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General Health Channel
Reported February 8, 2012

Are Brains to Blame for Weight Gain?

(Ivanhoe Newswire)— According to the U.S. Centers for Disease Control, about out of 3 U.S. adults are obese and that number continues to grow.  Now some experts are looking at brains instead of bellies to find out why.

Diabetes researchers at the University of Cincinnati are drawing attention to the biological factors that contribute to the rising rates of obesity and exploring options to reduce body weight.

"While we don't usually think of it this way, body weight is regulated. How much we weigh is influenced by a number of biological systems, and this is part of what makes it so hard for people to lose weight and keep it off," Randy Seeley, PhD, director of the Cincinnati Diabetes and Obesity Center and author, at the University of Cincinnati, was quoted as saying.

"To understand the obesity epidemic, we must figure out how our environment alters these biological systems to encourage weight gain."

Seeley believes that the availability and consumption of calorically dense, high-fat foods is a big part of the environment that encourages weight gain. What we eat can alter the brain regions that are responsible for regulating body weight.

"Leptin is a key hormone that is secreted from fat tissue, or adipose tissue, and its main function is to inhibit appetite," Seeley said. "Via a number of molecular mechanisms, eating a high-fat diet reduces the actions of leptin in the brain. This miscommunication can lead to increased food intake and weight gain."

"Evolutionary speaking, we are designed to want to eat foods that are high in fat and gain weight because it made it easier to survive times when food was not available," Seeley was quoted as saying. "However, that is no longer a real concern since food is almost always available, but we still have a biological desire to eat these calorically dense foods. So, how do we intervene and change this drive?"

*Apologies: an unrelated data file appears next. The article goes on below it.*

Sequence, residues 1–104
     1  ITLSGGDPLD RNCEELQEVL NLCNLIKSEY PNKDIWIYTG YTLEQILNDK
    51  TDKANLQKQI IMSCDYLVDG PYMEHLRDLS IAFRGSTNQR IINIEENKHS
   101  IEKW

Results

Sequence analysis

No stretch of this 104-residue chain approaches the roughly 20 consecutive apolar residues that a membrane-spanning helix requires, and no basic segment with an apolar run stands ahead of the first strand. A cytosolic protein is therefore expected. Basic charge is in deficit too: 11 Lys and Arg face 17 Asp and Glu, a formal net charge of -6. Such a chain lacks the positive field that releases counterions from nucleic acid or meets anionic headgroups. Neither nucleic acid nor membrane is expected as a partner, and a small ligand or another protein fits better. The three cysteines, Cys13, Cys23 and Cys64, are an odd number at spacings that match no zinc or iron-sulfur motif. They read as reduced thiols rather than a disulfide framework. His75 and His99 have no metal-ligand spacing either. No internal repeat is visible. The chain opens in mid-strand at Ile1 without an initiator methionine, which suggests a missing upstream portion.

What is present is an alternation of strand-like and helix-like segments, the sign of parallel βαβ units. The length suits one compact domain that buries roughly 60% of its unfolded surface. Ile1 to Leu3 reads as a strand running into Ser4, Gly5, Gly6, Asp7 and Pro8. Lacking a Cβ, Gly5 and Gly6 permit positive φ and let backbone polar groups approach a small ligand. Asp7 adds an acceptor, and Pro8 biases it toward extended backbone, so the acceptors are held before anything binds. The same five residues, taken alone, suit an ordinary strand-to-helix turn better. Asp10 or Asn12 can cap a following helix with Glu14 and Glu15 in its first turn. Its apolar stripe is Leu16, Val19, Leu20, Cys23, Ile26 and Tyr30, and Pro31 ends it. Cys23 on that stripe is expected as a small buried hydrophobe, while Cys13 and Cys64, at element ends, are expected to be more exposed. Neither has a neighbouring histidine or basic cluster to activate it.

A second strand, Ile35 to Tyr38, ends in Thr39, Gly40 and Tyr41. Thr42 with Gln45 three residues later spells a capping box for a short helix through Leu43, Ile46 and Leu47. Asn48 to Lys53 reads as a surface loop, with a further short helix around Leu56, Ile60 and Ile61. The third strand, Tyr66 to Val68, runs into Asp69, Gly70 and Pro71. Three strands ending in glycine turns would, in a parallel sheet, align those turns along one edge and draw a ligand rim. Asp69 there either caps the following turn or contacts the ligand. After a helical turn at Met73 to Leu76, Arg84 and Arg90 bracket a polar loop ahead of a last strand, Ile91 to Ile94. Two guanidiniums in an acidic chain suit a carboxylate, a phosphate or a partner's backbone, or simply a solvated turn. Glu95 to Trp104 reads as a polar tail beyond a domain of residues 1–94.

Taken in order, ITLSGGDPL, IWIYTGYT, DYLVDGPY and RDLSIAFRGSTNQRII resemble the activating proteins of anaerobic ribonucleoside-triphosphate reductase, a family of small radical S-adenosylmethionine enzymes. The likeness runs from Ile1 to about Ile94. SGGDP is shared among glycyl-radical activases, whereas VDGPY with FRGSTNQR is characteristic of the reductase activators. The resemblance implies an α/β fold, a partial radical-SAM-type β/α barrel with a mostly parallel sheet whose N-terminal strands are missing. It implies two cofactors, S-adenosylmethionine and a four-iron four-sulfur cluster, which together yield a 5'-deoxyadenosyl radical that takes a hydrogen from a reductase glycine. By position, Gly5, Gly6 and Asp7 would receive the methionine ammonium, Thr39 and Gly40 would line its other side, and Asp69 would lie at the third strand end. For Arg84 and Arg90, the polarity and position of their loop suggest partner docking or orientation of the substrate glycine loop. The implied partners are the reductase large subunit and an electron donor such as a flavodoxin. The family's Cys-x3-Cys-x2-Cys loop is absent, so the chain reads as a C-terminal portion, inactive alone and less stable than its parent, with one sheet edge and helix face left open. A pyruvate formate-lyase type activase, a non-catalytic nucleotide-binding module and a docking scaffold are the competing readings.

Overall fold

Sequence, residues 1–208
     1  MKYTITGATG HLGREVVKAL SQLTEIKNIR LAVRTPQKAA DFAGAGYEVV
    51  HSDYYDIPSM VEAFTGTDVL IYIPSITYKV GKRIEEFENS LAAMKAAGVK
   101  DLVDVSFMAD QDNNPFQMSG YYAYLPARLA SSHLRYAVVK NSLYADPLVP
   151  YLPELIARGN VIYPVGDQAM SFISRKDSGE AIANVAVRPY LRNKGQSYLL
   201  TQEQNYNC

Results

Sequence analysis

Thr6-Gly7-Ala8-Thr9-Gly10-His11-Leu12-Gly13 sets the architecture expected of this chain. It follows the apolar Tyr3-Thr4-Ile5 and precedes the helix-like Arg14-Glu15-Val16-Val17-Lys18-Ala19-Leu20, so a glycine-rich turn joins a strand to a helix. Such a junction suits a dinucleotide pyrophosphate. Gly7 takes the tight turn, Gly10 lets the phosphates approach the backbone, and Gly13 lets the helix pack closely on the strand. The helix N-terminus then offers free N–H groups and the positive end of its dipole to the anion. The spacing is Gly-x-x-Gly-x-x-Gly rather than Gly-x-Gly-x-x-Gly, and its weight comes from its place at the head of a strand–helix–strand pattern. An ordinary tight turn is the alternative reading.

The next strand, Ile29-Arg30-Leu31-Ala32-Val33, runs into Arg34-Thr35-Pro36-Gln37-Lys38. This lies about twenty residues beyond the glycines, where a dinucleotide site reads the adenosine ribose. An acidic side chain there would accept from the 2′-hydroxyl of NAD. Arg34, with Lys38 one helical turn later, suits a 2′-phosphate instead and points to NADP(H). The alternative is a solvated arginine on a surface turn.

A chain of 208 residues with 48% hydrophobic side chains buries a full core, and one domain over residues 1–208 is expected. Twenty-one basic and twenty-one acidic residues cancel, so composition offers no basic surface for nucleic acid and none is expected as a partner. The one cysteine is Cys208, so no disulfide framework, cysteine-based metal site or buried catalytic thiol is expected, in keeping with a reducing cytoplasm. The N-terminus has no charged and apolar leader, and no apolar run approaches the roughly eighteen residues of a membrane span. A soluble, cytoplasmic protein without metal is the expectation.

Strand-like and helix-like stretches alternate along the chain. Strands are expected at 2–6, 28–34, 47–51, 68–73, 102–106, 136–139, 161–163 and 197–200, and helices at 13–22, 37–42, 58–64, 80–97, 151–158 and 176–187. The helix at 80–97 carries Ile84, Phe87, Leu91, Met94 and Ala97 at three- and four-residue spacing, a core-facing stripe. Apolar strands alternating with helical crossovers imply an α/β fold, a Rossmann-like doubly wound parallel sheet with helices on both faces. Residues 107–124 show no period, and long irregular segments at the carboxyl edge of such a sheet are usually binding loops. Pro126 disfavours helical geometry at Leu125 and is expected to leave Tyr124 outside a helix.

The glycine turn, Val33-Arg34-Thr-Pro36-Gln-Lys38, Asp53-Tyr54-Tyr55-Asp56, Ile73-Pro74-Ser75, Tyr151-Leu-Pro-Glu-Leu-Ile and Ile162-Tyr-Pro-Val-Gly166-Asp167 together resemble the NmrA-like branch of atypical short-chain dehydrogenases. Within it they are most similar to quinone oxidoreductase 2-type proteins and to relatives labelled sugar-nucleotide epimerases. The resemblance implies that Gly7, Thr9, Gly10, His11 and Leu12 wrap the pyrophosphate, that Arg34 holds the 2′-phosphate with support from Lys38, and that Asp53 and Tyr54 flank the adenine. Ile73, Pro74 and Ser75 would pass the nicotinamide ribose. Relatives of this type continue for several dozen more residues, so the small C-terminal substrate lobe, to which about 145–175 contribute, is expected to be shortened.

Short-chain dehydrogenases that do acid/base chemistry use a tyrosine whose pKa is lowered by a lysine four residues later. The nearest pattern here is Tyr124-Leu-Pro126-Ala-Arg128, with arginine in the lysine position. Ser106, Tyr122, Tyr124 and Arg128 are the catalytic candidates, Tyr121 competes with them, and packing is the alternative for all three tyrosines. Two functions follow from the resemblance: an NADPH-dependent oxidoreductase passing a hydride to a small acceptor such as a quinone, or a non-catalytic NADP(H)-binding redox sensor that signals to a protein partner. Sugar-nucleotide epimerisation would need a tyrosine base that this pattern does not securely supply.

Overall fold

There are several main targets in successful therapeutic treatments for the population facing social, financial, and health resulting from obesity.

"The key issue is to find ways to take these biological systems that usually make it hard to lose weight and make them work for us to so that it is easier for obese individuals to lose weight," Seeley was quoted as saying. "As we understand the molecular interaction between what we eat and these brain circuits that regulate our body weight, we can design interventions that reduce the body weight that our bodies defend. This will mean that people trying to lose weight would be able to work with their biology rather than trying to use will power to overcome their biology that pushes them back to their obese state. Such an endeavor will ultimately require a wide range of scientists from different fields to reduce both the human and monetary costs of the obesity epidemic."

SOURCE: Cell Metabolism, February 7, 2012



 

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